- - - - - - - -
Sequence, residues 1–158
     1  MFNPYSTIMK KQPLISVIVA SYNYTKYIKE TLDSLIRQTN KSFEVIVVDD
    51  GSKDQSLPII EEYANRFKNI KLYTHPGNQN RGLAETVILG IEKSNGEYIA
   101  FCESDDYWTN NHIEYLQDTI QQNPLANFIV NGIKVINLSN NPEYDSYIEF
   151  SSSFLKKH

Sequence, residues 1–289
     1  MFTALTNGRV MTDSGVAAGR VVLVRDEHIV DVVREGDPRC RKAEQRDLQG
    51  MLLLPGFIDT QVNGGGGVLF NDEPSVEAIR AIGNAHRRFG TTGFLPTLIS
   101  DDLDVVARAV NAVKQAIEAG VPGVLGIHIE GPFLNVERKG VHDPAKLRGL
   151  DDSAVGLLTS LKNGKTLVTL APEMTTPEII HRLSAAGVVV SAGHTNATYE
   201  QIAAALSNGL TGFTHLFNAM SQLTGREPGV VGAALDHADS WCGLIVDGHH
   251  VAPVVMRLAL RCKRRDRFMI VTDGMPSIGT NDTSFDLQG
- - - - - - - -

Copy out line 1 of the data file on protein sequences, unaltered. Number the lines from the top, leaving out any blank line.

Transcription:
Sequence, residues 1–158